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Ignite the Journey: Bravery

Updated: Jan 27

Join author Greg Stoughton in the latest "Ignite the Journey" blog post series. Get ready to reflect on your own growth journey and gain insight on how to navigate obstacles and seize opportunities.

Be Brave: Look Within

My online dictionary describes bravery as courageous behavior or character. When I think of bravery, my thoughts race to heroes and heroines who have tackled complex challenges. 

Nelson Mandella and the battle against Apartheid in South Africa. Elizabeth, who at an early age, became queen of England. Then there was David in the Bible who battled Goliath (See 1 Samuel 17). And Queen Esther who took a stand for the Jewish people as one called “for such a time as this…” (See Esther 8)

Bravery is often depicted in the movies. WONDER WOMAN, a superhero who defeats evil villains. Or Sir William Wallace in BRAVEHEART, who led Scotland’s finest toward freedom from oppression. Their actions can certainly be regarded as courageous.  

I tend to view bravery as more than the examples shared. True courage, or bravery, is perhaps never more exemplified than when we confront the depths of our soul and choose to embark on a path of personal, deeper, lifelong growth. 

At a conference I recently attended, I was reminded of the power of looking inside myself.  To look within for a moment, for an hour, a day, or even a longer-length season of our lives, is one of the bravest things that any of us can do. 

A highly profitable and successful CEO spoke at the gathering. The results his corporate leadership and hard work had produced–and the pride he felt–were incongruent with what he’d been hearing from his wife, children, colleagues and friends. In time, he realized that there were character issues–cracks in the foundation of his life. There were heart problems that he needed to address. 

Bravely, courageously, boldly, he humbled himself to step away from his leadership for a time. Wisely, he recognized his need to hit “pause” and to let God’s Holy Spirit “search and to know his heart” (Psalm 139:23).

Allow me to tell you a little about myself. I was born with congenital deformities of my hands and feet. For 62 years now, physically different, I imagine some people view me as a person who is brave simply because of what I’ve done based on what they can see. Physically different–some might regard me as “handicapped” even. 

Yet in junior high, I creatively and strategically scaled a wall, and seven times climbed a rope. I successfully made 56 free throws in a row, and before turning 18 years old, I broke par on a golf course. 

By walking closely with God, He has helped me to navigate many new challenges. Those included enduring vocational tests, persevering through family issues, and making significant contributions with senior-leadership of a 15,000-person global ministry. 

In truth, nothing has proven insurmountable. To me, that’s what people, and especially those who God calls to lead, should be expected to do. There have been challenges in all that I’ve done. However, it is in those times of earnest, if not prolonged, personal introspection that I feel as if I’ve acted most bravely. 

God led my heart to Jesus at age 22. With Christ within, I came to experience forgiveness and grace, and to find an identity in something more secure than what substances, career advancement, wealth or relationships could provide. 

In my thirties and forties, periods of counseling (going internally deep) strengthened my life, including marriage and parenting. In my forties, I also paused for a year of personality and career inventories. It was through life-coaching that I was guided towards the opportunity to address some globally complex organizational challenges.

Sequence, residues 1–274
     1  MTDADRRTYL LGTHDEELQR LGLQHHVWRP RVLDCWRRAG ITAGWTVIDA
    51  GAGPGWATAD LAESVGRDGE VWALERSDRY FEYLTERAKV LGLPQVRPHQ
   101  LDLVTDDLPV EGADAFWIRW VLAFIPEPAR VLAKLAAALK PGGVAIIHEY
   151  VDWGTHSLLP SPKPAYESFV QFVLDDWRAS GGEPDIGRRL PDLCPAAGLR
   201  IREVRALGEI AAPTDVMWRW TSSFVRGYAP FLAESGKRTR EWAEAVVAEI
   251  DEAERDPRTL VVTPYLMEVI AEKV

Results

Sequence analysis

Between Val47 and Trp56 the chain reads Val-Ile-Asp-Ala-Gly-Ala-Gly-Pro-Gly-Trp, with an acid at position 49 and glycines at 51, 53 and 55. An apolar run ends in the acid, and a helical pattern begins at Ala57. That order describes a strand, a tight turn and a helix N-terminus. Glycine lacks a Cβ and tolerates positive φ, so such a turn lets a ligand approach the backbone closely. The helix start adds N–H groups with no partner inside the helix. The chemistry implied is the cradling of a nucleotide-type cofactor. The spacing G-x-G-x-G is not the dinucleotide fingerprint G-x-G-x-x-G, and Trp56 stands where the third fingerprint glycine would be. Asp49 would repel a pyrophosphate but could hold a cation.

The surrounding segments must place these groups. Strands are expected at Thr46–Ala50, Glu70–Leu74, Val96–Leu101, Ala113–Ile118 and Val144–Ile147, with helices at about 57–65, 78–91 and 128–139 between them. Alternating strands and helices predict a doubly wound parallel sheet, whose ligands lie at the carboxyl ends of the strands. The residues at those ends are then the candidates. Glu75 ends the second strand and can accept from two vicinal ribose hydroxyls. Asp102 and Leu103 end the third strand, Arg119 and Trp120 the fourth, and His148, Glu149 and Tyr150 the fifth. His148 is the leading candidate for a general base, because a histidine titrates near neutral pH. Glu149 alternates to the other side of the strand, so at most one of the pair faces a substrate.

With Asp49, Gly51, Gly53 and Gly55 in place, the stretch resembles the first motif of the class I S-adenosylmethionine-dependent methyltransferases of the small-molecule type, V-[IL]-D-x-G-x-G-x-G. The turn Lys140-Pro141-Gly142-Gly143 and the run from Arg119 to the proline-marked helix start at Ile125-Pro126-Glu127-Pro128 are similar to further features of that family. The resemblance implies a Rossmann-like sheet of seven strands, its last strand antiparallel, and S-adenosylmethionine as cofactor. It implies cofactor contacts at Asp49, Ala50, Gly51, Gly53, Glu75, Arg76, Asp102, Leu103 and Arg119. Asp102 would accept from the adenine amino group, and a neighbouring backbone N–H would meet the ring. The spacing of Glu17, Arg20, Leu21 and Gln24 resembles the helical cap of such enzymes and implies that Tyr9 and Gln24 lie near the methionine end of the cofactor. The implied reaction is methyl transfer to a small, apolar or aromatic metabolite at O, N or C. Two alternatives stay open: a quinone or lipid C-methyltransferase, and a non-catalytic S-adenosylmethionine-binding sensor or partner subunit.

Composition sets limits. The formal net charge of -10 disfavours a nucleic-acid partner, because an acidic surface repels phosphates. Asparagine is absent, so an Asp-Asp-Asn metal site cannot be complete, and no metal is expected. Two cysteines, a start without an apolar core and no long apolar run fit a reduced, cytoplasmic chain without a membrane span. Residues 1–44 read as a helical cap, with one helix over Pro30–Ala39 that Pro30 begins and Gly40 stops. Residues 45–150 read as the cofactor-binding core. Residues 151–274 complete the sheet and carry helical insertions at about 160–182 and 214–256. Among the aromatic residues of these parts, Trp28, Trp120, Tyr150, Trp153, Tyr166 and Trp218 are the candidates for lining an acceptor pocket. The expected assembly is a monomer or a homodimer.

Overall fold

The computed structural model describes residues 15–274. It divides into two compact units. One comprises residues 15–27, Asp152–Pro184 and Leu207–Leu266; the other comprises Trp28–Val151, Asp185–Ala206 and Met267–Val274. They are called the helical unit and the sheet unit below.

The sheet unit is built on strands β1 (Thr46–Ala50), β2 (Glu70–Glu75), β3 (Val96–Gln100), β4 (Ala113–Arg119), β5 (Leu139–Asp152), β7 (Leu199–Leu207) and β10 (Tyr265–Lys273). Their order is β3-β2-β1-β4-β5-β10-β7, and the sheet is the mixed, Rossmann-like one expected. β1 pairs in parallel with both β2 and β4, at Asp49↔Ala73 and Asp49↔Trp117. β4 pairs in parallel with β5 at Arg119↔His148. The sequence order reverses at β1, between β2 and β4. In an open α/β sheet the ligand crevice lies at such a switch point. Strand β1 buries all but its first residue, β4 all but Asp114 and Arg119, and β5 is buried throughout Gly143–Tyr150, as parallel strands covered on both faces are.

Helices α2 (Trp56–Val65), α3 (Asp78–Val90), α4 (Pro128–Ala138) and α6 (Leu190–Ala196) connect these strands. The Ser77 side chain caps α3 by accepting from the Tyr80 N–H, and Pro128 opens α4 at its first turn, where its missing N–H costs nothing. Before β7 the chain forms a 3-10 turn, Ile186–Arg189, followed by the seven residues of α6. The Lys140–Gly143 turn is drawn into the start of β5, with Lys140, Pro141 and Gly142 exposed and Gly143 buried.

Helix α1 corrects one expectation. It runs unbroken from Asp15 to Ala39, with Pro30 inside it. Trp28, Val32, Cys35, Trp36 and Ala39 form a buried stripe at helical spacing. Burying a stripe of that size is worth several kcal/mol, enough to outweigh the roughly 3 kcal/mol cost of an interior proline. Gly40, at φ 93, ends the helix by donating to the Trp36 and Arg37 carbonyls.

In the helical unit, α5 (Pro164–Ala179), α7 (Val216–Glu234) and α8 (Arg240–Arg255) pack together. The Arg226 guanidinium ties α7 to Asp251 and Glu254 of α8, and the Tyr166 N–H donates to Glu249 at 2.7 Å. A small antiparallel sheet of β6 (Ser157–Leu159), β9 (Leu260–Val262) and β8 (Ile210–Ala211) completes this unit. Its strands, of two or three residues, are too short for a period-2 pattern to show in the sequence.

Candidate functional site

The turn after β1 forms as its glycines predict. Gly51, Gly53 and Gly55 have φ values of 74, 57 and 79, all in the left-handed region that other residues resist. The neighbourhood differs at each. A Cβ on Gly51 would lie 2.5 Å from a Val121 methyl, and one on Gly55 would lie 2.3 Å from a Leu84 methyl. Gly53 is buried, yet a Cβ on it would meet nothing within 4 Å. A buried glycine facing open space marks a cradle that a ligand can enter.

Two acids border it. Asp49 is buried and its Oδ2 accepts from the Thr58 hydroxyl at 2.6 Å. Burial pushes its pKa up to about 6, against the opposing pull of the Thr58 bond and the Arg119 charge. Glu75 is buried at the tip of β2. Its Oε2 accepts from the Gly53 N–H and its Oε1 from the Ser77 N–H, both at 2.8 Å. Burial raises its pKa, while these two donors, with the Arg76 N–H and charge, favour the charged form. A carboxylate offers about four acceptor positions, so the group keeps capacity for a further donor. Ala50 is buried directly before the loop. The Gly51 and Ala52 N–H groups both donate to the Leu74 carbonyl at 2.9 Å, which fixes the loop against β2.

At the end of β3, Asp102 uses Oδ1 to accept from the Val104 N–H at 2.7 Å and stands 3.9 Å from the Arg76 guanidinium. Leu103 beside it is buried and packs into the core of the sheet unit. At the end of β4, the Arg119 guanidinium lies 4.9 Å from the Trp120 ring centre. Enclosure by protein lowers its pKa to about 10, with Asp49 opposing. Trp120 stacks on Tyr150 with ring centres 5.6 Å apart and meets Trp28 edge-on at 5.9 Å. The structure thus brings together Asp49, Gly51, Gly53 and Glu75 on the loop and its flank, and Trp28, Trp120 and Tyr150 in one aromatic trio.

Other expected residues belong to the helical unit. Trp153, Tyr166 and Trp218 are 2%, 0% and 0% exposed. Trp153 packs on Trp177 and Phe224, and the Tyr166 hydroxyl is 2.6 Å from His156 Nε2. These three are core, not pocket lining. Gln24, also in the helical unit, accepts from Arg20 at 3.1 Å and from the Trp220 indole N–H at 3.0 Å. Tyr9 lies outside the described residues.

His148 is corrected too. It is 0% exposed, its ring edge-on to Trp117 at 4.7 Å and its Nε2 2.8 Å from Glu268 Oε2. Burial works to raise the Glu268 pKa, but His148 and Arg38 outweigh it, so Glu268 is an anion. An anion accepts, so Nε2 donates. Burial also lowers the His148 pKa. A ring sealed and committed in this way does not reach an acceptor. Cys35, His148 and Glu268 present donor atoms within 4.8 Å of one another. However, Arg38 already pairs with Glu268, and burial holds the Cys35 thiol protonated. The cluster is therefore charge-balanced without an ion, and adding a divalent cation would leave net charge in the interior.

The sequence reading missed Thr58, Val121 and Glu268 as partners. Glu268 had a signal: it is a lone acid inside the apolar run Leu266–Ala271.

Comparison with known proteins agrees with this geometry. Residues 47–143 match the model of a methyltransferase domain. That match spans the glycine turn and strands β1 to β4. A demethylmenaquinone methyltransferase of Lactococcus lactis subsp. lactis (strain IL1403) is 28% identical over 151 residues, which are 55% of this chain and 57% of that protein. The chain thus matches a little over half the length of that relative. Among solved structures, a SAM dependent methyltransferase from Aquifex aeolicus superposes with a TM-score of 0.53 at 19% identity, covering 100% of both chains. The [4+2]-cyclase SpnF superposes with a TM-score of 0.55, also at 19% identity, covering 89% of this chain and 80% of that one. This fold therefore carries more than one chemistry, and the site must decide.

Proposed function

And then came the invitation to write on “bravery.” Dawgone. I’d come to think:  I’ve arrived. I’m done with this need to go introspectively deep. Nope! Strength lies in the lifelong pursuit of personal growth–allowing God's light to shine on my character and choices. The courage to confront my flaws, acknowledge my shortcomings, and to seek continuous improvement is a profound act of bravery that transforms myself and those I lead.

I've found peace and guidance in a biblical passage that encourages me to bravely look to God and allow Him to examine me from within: Psalm 27:14 reads, “Wait for the Lord; be strong and take heart and wait for the Lord.” 

For Further Thought

Consider a challenge or fear you've been avoiding. Take a moment for introspection, acknowledging the discomfort it brings. Write this challenge or fear in a journal or on a note card. Pray over it. Revisit it for a period of time in your prayer time. Embrace the courage to face it head-on, looking to God and trusting that He can supply you greater strength and character within. 

Be brave: One of the most courageous things you can do is to “stop.” In humility, come to God in a posture of vulnerability that allows Him to speak into your heart and every aspect of your life. 


Heavenly Father, grant me the courage to face my fears and challenges with humility and trust in Your divine plan. Help me to recognize that true bravery lies not just in external acts but in the quiet moments of introspection with You. Shine Your light on my heart, revealing the areas that need transformation, and guide me on a path of continuous growth. In Jesus' name, I pray. Amen.

About the Author: Greg Stoughton is a leader, strategic thinker, mentor and speaker with a passion to help others embrace their full potential as they discover God’s purpose and plan for their lives. He, along with his wife Linda serve with Cru, formerly Campus Crusade for Christ. The father of two sons, Greg now resides in Cincinnati where he is involved in outreach, discipleship. coaching and connecting others to collaboratively advance God's


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